Best invention of the Victorian age? Probably the light bulb. Telephone is up there. But where would our ipods and CD players be today without the great grandmother that started it all, the victrola.
That’s actually not quite right. Thomas Edison’s phonograph actually started it all. In 1877 Edison invented the very first means of playing recorded sound, the phonograph. He had already invented the telegraph and had worked out a way to inscribe messages that came over telegraph on paper tape which could be played back later. After doing this he decided the same principle could be applied to that new telephone contraption.
Edison figured sound waves could be recorded onto the paraffin paper and played back, and experimentation proved successful. He decided a rotating cylinder wrapped in tin fold would work better than the paper. He then jotted down a diagram of a machine which he gave to his mechanic John Kruesi to build. Kruesi built the diagram in 30 hours and Edison tested is by reciting ‘Mary Had A Little Lamb’. The phonograph was born.
It was quite a novelty but for a long time only a novelty. It was difficult to operate except by experts, the tin foil would last for only a few playings. Edison’s interest turned to inventing the light bulb. Alexander Graham Bell, the inventor of the telephone, and his cousin Chichester A. Bell decided to fool with it and made some improvement, notably using wax instead of tin foil and a floating stylus instead of a rigid needle which would incise, rather than indent, the cylinder.
Let’s fast forward about 20 years, to 1901. Music was starting to appear on phonographs but the market was horribly limited. There were two major problems holding it back. The first was that there was no cheap way to produce the cylinders. The second was that the maximum playing time was 2 minutes. It wasn’t until 1908 that playing time was finally expanded to a whopping 4 minutes.
However, in 1901 Eldridge Johnson founded The Victor Talking Machine Company. His former partner Emile Berliner had come up with a flat wax disc instead of a cylinder. Unfortunately, Berliner’s company, Berliner Gramophone had gone belly up.
One of Berliner’s employees, Frank Seaman, run off with one of these spanking new flat disks and started his own company, Zonophone. Since Zonophone shamelessly stole and marketed Berliner’s flat disk technology, Berliner sued. You’d think it would be over, right?
Oh, poor innocent, naive reader. The check’s in the mail. This won’t hardly hurt at all. Of course i’ll pull out. No, it wasn’t over. See, Frank Seaman offered to merge with this other new company Columbia Records, who was putting out those old cylinders and had some nice patents concerning those syluses Alexander Graham Bell had invented back in our fourth paragraph. Columbia wanted the disk technology and when they got it, countersued Berliner, saying that their stylus patent applied to any type of recording where a stylus vibrated in a groove and therefor Berliner had to cease and desist.
Ugliness insued and by the end Berliner left the states in disgust and left Eldridge Johnson with all the tech he needed to found The Victor Talking Machine Company.
You still with me?
The Victor Talking Machine Company naturally began producing Victrolas.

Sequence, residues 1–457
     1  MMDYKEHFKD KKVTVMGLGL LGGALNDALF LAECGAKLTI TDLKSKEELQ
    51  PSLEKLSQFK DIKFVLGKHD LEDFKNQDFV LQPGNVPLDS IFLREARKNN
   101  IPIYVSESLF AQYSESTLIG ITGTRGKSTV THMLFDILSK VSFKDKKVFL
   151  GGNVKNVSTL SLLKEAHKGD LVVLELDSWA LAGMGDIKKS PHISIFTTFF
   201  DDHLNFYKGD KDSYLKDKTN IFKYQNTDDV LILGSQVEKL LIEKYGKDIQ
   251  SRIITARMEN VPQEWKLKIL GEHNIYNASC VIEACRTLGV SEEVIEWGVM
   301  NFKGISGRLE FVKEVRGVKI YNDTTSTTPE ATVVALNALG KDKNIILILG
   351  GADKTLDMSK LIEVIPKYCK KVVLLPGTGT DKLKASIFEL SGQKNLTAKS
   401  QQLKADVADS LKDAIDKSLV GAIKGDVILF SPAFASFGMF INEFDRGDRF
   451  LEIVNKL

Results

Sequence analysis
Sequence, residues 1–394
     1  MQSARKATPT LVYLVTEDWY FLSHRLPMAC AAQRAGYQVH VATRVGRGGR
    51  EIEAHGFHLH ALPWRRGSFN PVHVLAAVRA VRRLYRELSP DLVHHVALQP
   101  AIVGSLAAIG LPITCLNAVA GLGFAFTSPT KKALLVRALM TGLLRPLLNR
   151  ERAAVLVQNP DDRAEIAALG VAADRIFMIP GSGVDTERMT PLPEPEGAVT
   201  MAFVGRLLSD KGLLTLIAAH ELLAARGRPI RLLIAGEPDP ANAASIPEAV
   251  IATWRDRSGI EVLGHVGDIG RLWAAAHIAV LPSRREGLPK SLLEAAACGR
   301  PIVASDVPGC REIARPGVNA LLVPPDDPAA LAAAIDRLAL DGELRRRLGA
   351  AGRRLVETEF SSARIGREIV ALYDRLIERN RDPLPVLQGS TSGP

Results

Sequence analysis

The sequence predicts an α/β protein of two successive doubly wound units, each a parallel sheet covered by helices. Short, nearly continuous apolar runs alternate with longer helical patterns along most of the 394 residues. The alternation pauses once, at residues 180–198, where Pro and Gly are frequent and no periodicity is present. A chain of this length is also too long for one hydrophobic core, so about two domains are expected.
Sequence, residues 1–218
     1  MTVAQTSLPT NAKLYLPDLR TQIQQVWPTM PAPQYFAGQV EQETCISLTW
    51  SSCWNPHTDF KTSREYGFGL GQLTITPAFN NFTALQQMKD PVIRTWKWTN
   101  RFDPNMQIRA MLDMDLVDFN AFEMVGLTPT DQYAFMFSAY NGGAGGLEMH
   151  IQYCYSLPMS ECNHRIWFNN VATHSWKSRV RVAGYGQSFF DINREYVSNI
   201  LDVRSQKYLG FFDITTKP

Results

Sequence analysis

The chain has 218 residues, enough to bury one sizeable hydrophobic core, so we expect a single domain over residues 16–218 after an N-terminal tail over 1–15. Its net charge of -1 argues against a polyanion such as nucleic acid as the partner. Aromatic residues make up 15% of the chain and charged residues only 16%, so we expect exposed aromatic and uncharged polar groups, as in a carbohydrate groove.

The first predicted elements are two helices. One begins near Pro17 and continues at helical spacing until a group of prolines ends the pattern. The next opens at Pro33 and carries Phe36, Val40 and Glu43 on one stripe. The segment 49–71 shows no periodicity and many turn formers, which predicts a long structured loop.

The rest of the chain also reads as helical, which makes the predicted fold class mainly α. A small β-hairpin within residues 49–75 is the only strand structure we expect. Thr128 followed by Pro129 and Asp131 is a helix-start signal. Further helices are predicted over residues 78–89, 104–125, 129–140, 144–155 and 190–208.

The big horn on the gramophone, or phonograph or whatever you wanted to call it based on the company manufacturing it, the was of course the only way to amplify the sound loud enough to be heard. This worked for awhile but many found it unsightly. The Victor Company had the brilliant idea of redirecting the horn underNEATH the player and making it all into a nice, stylish cabinet. And thus, the victrola was born.
Victrolas technically refer to the bell-less players produced by the Victor Talking Machine Company. The company was wildly successful, also because they cultivated a large music recording arm of their company.
Opera tenor Enrico Caruso was a sensation and between 1904–1920 made numerous recordings for the company. Not only did Caruso have one of the greatest voices in opera of all time, but his tenor range perfectly fit the limited acoustic range of the players. An orchestra would sound like crap. the players couldn’t capture and produce that type of range, but a tenor was exactly in the range that would sound decent. It’s fair to say, that in the early 1900s, almost anybody who had a victrola, had a Caruso recording, whether or no they like opera.
After Caruso, Rachmaninoff was the next big star, and once again, piano worked well on the victrola, especially for the period from 1920 to 1942 when he recorded.
In 1926 Eldridge Johnson finally got out of the business. Times were changing. Radio had come along in the early 20s and was giving victrolas a good thrashing. Music was now available over the air free of charge and the sound quality was actually better. Some said the home music player was a thing of the past. (Ah, how they always say that to everything.)
He sold his controlling (but not holding) interest of the company to the banking firm of Seligman & Spyer. In 1929 Seligman and Spyer sold it to the Radio Corporation of America or, RCA. And that folks, is how RCA Records was born.
Fear not for the poor victrola. After WWII came the STEREO. After that came rock and roll. Then came the 60s, The Beatles, pot, the 70s, Dark Side of the Moon, the 80s and the glorious walkman. Etc, etc. The moral is that home music has thrived ever since. Thank you Victrola. And thank you Mr. Edison, you genius you, even if you were a total dick to Nikola Tesla.